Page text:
OH WHY ED SHEERAN CAN’T USE A STAND IN: DISCLOSURE AND THE DUTY TO SEARCH: THE SHAPE OF THINGS

In Sheeran & Ors v Chokri & Ors [2021] EWHC 3553 (Ch) Mr Justice Meade set out some of the duties owed by a litigant in relation to the disclosure process.

“… Mr Sheeran’s manager undertook the disclosure exercise on his part. In my view that is unsatisfactory and I order, of my own motion, that Mr Sheeran is to make a witness statement, when the claimants comply with my order in relation to paragraphs 1-5 of the draft order, stating that he has personally satisfied himself that his disclosure obligations have been met.”

THE CASE

The claimants are bringing an action for a declaration that a song “Shape of You” do not breach the copyright of works owned by the defendant.

THE BLOGGER’S PRIVILEGE

Not for the first time, blogging gives the reader an opportunity to consider the relevant music.

Shape of You can be heard here.

Oh Why can be heard here.

THE APPLICATION

The defendants sought a declaration on the basis that the claimants had failed to comply with an order for Extended Disclosure.

THE TASK BEFORE THE COURT

The judge considered the task before the court.

    1. This requires me to proceed in to two stages: first of all, I have to identify whether there has been a failure to comply (17.1), and if so I must be satisfied by the party applying for an order – which is the defendants – that making some curative order of the type referred to in 17.1 (1)-(5) is both reasonable and proportionate. The principles that I have applied so far are not really in dispute between the parties. What is in issue before me today is their application, and the parties also disagree about whether the DRD was properly drawn.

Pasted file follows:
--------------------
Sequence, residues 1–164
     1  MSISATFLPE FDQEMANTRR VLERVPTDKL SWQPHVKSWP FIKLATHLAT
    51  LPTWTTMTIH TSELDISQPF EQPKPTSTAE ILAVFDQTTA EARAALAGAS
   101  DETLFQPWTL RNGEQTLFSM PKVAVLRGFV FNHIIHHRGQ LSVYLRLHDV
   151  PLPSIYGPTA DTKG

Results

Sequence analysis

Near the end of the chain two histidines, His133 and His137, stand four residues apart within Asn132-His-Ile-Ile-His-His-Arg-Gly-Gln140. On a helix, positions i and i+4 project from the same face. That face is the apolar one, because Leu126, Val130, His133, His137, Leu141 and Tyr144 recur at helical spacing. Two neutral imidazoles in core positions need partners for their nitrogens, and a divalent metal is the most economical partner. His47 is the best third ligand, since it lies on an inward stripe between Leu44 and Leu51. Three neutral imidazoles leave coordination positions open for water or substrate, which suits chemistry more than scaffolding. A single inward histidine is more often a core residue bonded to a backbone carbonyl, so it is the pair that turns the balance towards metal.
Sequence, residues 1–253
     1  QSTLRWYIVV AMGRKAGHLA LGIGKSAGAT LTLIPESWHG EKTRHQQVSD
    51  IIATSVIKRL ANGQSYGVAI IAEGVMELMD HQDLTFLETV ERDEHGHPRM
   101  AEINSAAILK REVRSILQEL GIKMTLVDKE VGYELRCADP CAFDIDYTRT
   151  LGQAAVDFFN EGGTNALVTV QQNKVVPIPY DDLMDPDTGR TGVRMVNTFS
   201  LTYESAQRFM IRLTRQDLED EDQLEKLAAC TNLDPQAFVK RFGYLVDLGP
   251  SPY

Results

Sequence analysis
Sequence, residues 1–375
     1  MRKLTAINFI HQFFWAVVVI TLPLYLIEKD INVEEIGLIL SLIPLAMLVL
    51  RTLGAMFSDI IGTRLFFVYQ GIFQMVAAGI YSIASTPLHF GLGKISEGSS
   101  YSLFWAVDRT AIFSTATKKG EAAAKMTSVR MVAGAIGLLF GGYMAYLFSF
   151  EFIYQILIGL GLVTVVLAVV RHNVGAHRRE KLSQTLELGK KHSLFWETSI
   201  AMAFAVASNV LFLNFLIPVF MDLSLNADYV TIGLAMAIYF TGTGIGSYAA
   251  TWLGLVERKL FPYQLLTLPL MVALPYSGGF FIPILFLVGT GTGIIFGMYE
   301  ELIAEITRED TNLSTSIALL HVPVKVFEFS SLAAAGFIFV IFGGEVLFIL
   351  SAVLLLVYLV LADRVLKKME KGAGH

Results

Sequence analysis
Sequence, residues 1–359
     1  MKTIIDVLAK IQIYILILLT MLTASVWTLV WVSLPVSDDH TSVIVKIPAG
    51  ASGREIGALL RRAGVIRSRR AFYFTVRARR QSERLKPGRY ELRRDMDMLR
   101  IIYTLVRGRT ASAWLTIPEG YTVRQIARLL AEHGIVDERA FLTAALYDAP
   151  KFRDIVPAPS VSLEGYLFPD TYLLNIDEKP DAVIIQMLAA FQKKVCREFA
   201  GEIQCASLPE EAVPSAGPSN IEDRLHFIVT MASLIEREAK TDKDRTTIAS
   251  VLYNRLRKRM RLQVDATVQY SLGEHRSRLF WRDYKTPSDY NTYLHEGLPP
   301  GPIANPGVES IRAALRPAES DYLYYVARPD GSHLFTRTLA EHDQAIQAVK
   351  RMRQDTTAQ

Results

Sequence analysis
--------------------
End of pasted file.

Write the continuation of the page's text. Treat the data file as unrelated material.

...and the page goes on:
1. Mr Sutcliffe defends the DRD and Ms Bowhill for the claimants accepts the shortcoming that I have identified with it but, as I say, I am satisfied that it should not have 2 been drawn up in the form that it was. I am also satisfied that to consider making an order under paragraph 17 of the Practice Direction I need more than just a general suspicion that there may have been a shortcoming in relation to disclosure and I was referred, by Ms Bowhill, to the decision of Mr Robin Vos QC (sitting as a deputy High Court Judge) in Berkeley Square Holdings Ltd v Lancer Property Asset Management Ltd [2021] EWHC 849 (Ch) as to the standard to apply.

 

  1. In my judgment there must indeed be some basis for going behind the process which has been carried out. Speculation is not enough. Something is needed to show that there is a likelihood (as opposed to a possibility) of further relevant documents existing.

DELEGATING THIS TASK MAY LEAD TO BAD HABITS

The documents sought related to the creative process and the claimants’ social media account.  One point the judge made was that the disclosure process must be undertaken by the claimants personally and could not be delegated to their manager.

    1. First of all, there is a date or an event referred to in one of the videos that I have been invited to look at called ‘Album Delivery Day’ and it is obvious to me that Mr Sheeran (if no 5 one else) will know what ‘Album Delivery Day’ was. In the video that I was invited to watch reference is made to an additional song being in his contemplation then and I direct that Mr Sheeran must identify to the defendants, if he is able to, and to the best of his ability, what ‘Album Delivery Day’ was. I must say that my own appreciation from all the materials in the case that it is all too likely that ‘Album Delivery Day’ was after 16 October 2016, in which case it will not be relevant, but it is an important question that has been asked and it will be very easy for Mr Sheeran to respond to it.
  1. Secondly, I have said already that Ms Bowhill has said that Mr Sheeran’s manager undertook the disclosure exercise on his part. In my view that is unsatisfactory and I order, of my own motion, that Mr Sheeran is to make a witness statement, when the claimants comply with my order in relation to paragraphs 1-5 of the draft order, stating that he has personally satisfied himself that his disclosure obligations have been met.